The Public Square authors who reject Critical Race Theory argue that “The rise of mandatory diversity training, bias reporting, and bureaucracies devoted to enforcing ideological conformity has made it a permanent and stifling presence on campuses and in businesses across the country.” They suggest that those who speak out against these reforms “may even lose their jobs.” I argue the opposite: That it’s dangerous to acquiesce and defend white managers who are dismissive of these matters, even to the point of coddling those who mistreat others because of skin color. Rational executives know it’s important to discipline or even expel those who hate and mistreat minority organizational members. Thank goodness, BYU scholars in the Department of Management, OB-HR, and the Marriott School have taught courses on diversity, anti-discrimination in business, women in management, and multiple and diversity training programs to thousands of LDS students who graduated and then worked to reduce corporate oppression of minorities in Fortune 500 corporations since 1978.

Meanwhile, voices promoting Kendi and his book, How to Be an Anti-racist, are perceived by some folks as antithetical to the gospel. Naïve assumptions that only shifts in the human heart can change racist communities are clearly fallacious. Redesigning organizational structures to obliterate the exploitation of Black, Brown, Asian and other oppressed groups in American society are necessary elements for building real social justice. As many observers know, the Church of Jesus Christ, by its very nature, builds and uses organizations to enhance religious faith whether through congregations, quorums, and hundreds of additional institutions established to foster belief and commitment. As these authors point out, important moral truths still of course exist. But that’s the beginning, not the end. To ingeniously hope that by merely and exclusively focusing on faith in Christ societal norms will be altered is unfounded. As most historians would show, there are a few thousand years of convincing evidence to the contrary. Somewhere, we even have a phrase: “Faith without works is dead.”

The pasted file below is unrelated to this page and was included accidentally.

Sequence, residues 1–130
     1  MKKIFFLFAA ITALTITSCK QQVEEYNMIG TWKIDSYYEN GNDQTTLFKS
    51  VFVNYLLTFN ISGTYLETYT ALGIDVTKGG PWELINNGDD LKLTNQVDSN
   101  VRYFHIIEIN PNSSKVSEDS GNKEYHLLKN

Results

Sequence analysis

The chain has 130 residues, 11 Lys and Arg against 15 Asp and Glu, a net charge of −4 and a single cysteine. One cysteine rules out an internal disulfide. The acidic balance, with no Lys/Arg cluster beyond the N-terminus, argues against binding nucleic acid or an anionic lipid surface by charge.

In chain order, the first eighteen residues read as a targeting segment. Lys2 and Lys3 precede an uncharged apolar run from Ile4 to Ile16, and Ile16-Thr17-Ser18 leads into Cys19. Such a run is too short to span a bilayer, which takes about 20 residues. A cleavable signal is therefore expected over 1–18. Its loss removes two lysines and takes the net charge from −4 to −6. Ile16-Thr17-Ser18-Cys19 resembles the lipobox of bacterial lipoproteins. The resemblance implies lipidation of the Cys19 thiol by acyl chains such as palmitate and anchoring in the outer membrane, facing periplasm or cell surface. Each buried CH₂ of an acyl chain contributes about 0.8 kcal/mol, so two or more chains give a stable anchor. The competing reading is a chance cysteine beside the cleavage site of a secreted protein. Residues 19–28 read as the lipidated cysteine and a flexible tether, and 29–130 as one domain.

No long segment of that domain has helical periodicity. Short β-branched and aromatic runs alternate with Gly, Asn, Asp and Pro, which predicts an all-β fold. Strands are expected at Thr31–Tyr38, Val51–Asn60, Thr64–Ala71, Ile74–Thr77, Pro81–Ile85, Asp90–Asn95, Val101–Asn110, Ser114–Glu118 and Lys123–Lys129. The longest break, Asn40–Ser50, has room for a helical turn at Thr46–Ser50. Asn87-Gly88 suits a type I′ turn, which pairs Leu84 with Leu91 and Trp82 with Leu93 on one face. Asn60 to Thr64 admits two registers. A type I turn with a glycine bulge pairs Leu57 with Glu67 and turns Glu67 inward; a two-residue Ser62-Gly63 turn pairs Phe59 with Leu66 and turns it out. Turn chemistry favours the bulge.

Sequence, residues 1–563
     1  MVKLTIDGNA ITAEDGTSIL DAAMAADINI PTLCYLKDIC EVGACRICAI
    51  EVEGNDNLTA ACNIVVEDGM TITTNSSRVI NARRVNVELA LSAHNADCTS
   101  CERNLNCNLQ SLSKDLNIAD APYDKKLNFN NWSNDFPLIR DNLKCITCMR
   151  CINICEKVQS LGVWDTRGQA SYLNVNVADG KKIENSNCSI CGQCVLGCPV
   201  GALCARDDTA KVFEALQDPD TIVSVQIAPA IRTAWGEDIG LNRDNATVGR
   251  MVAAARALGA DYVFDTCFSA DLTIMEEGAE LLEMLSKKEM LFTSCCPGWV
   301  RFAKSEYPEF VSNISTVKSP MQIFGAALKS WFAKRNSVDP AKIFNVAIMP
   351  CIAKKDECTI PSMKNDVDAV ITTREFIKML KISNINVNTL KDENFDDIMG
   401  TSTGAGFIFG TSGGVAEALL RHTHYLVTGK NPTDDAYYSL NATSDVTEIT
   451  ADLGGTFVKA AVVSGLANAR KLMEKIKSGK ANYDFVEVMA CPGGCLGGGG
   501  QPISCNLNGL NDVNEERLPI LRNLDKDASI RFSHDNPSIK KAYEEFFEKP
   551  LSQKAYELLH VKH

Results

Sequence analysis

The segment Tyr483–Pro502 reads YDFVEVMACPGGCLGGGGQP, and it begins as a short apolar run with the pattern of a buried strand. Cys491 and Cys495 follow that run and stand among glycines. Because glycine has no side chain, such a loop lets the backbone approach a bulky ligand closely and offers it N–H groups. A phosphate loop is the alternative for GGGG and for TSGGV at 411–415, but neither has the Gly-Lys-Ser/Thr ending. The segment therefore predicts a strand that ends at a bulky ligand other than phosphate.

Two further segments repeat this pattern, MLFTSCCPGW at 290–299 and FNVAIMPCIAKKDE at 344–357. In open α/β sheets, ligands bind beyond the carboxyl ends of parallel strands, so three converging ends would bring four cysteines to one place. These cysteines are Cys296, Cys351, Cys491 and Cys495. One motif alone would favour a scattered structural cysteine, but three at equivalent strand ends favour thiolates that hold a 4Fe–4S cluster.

Our nation has too often justified its exploitation of the poor.

If the Church simplistically waited for hearts to change, void of any structural support mechanisms, we’d still be a “lone voice crying in the wilderness.” But instead, top Latter-day Saint leaders realize that it’s through organizational mechanisms, programs, manuals, policies, etc., that values are developed, behavior changes and religious practices flourish. To root out racism among Latter-day Saints will take more real action, greater structural mechanisms and systems for change, as well as ongoing assessments and evaluation. As Kendi emphasized, “The job of the Christian is to revolutionize society, to liberate society from the powers on Earth that are oppressing humanity.” The Prophet Joseph similarly declared, “I calculate to be one of the instruments of setting up the kingdom of Daniel by the word of the Lord, and I intend to lay a foundation that will revolutionize the whole world.”  This great 1842 discourse in Nauvoo wasn’t merely proposing a prophet would change a person’s inner feelings, but instead, that he had a vision for building a better world through “instruments” for structuring a utopian society.

Despite its inspired mission, subtle or more explicit racism that tends to disadvantage Black students has been baked into some of BYU’s policies, procedures, and administrators since 1875. Of course, that’s a much shorter time than the 450 years of America’s wretched enslavement of Africans over the centuries. Whether the rationale is that Blacks needed good plantation jobs, or that white universities sought and benefitted from productive slave labor on America’s large colonial farms, our nation has too often justified its exploitation of the poor through distorted religious lenses. I’m afraid some BYU folks have perhaps held parallel views to a degree in their own biases and religious proclivities. In 2021, it’s way past time to counter systemic racism with new, better societal institutions for justice in America, in the Church of Jesus Christ, and at Brigham Young University. 

In my work as a professor at BYU and at other institutions of higher education, I generally sought to have a healthy approach for discourse and debate. I hope that can be true on this issue too, with those who may see this differently.  Within campus, the Church, or the larger United States, I hope dialogue will increasingly consist of robust and spirited disagreement, between those who otherwise respect one another.

About the author

Warner Woodworth

Dr. Warner Woodworth is a visiting faculty member at the University of Utah, social entrepreneur, author of 12 books and 400 articles while empowering the poor for decades. He holds a Ph.D. in organizational behavior from the University of Michigan and is the founder of some 41 NGOs globally.